Now let’s take the word lopen (to walk), the o is pronounced like oo, a long o, because after the consonant you get a vowel, we add o to it and we get loopen, now we remove the -en and we get loop, the root.

Now we take the word: wonen

The same process here: consonant + vowel, so we need to add o to the word, which gives us woonen, now remove -en and we get woon.

How to make a regular verb?

1. You need to have the verb, which is in this case ‘werken’

2. You remove -en at the end of the verb. We have ‘werk’ now, the root or what it is called in Dutch: ‘stam’.

3. You add the suffix which you need to the verb and you add the personal pronoun at the start. If I want to say: ‘I work’, this becomes ‘ik werk’.

Personal pronoun + root + suffix

ik = personal pronoun

werk = stam

suffix = -, we don’t need to add anything, so that’s it.

If we want to say: ‘he works’, we do the same:

personal pronoun =       hij

root =                                  werk

suffix =                                 -t

We get:  hij werkt.

It’s as simple as that.

 

Rules to remember!

 

Forming a root:

1. multiple consonants = keeping the letter

2. consonant + vowel = add an extra vowel

 

Making a regular verb:

1. make the root

2. remove -en

3. add the suffix

 

September 19, 2013 / Roel

Lesson 1 – Ik heet Kees

Lesson 1

Pronunciation

Only letters with a different pronunciatrion than English will be mentioned, pronunciation will be given with words. This means that you can use this as a reference, but in the first lessons you don’t need to look up the pronunciation.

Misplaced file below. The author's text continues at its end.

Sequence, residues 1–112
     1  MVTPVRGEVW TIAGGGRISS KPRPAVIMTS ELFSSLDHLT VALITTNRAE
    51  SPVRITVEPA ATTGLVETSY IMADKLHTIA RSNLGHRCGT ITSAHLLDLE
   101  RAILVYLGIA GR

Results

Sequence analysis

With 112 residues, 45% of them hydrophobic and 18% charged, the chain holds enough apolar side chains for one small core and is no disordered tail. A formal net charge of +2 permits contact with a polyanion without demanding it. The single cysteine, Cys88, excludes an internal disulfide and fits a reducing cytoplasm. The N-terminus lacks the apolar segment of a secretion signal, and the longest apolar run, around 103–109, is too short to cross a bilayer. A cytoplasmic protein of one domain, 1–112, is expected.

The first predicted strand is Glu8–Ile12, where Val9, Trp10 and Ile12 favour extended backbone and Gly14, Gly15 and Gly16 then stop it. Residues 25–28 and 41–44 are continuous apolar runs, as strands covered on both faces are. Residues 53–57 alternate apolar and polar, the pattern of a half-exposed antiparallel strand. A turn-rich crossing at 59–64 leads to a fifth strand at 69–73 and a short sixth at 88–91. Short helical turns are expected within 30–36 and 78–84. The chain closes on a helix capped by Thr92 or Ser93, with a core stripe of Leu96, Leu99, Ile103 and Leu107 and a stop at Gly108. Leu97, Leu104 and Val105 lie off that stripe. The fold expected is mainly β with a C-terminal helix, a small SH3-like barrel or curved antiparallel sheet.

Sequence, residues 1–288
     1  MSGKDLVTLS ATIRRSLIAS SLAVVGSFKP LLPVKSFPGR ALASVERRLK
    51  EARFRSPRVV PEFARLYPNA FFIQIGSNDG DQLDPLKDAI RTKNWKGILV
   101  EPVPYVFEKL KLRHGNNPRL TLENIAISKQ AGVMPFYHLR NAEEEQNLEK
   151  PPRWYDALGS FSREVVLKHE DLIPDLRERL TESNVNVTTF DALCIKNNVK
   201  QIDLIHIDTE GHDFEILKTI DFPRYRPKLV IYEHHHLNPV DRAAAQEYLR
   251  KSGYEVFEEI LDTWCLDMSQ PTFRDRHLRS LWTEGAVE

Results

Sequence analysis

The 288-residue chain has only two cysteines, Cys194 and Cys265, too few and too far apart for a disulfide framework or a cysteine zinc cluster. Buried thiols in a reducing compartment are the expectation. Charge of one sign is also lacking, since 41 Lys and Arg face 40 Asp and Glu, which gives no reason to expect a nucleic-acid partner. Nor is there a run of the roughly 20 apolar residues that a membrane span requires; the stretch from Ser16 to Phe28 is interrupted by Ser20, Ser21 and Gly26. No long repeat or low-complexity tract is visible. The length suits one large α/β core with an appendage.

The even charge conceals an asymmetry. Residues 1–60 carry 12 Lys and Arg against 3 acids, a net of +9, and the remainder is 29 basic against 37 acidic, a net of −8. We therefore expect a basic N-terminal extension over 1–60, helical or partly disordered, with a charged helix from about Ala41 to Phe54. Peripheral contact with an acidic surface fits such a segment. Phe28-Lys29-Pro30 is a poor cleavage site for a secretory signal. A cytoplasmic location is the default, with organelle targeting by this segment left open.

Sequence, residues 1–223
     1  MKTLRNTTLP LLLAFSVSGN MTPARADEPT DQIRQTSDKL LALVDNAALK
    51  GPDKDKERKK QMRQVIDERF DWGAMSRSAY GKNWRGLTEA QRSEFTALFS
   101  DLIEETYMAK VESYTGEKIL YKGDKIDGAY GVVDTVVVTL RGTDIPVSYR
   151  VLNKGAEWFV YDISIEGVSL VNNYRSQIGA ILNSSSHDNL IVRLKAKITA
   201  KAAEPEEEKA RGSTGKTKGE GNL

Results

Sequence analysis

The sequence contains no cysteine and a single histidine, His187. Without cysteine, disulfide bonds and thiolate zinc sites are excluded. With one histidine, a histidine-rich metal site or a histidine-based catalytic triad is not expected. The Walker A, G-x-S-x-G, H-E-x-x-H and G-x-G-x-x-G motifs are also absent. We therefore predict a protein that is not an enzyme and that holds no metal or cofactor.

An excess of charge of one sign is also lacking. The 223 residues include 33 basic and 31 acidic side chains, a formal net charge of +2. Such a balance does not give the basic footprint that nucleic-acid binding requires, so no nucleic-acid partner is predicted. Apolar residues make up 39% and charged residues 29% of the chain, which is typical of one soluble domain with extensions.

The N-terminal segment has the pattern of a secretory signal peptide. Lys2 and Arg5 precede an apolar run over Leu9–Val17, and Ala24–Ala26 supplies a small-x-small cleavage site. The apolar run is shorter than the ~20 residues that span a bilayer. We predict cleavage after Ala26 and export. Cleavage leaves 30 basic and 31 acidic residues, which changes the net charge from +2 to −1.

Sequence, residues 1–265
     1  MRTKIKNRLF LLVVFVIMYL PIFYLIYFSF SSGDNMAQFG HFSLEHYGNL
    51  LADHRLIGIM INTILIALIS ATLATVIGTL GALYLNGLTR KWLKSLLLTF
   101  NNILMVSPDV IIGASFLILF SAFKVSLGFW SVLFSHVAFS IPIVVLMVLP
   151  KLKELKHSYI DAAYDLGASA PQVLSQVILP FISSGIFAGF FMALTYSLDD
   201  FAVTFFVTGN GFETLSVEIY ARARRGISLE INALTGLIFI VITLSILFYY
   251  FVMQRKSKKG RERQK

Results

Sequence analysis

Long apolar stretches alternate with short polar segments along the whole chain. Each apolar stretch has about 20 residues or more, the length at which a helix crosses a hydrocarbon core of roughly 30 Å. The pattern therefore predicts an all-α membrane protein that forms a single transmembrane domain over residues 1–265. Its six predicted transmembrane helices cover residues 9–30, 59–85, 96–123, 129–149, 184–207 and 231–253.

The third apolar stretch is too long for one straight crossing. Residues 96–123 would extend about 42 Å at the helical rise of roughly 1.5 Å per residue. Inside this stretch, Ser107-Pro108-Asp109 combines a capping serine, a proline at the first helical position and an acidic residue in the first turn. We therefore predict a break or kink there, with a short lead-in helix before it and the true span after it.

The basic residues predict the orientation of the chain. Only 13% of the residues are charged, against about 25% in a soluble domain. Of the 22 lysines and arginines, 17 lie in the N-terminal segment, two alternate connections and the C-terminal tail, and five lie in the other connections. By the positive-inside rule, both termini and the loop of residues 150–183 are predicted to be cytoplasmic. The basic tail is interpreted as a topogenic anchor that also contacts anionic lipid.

• g = kh
  • r = rolling R like in Spanish
  • sch = s + kh
  • ch = kh
  • x = ks
  • ij = combination of e (like a in ‘and) + i (pronounced like ‘ee’ in ‘feedback), pronounced after eachother very fastly
  • ei = combination of e (like a in ‘and) + i (pronounced like ‘ee’ in ‘feedback), pronounced after eachother very fastly
  • ie = ee like in feedback
  • ou = ow like in ‘how
  • au = ow like in ‘how
  • ee = a like in ‘page
  • aa = a, but try to make your mouth open horizontally instead of in a circle while pronouncing it and keep making this sound longer than ‘a’ in order to pronounce it correctly.
  • oo = o like in ‘sort‘, but when pronouncing this o you have to go down with your tongue in order to make the right sound. Don’t pronounce it like the ‘o‘ in English ‘so‘, because this is a long oo too, but this sound changes when making it while the ‘oo‘  in Dutch needs to be constantly the same sound.

Text

Hallo, ik heet Kees.

vocabulary:

hallo = hello       (a like in ‘after‘)

ik = I

ik heet = I ‘m called         (ee like a in ‘page‘)

Total vocabulary: 3 words

Grammar

Personal pronouns

ik = I

jij = you

hij = he

zij = she

het = it

wij = we

jullie = you (plural)

zij = they

 

Vocabulary: 10 words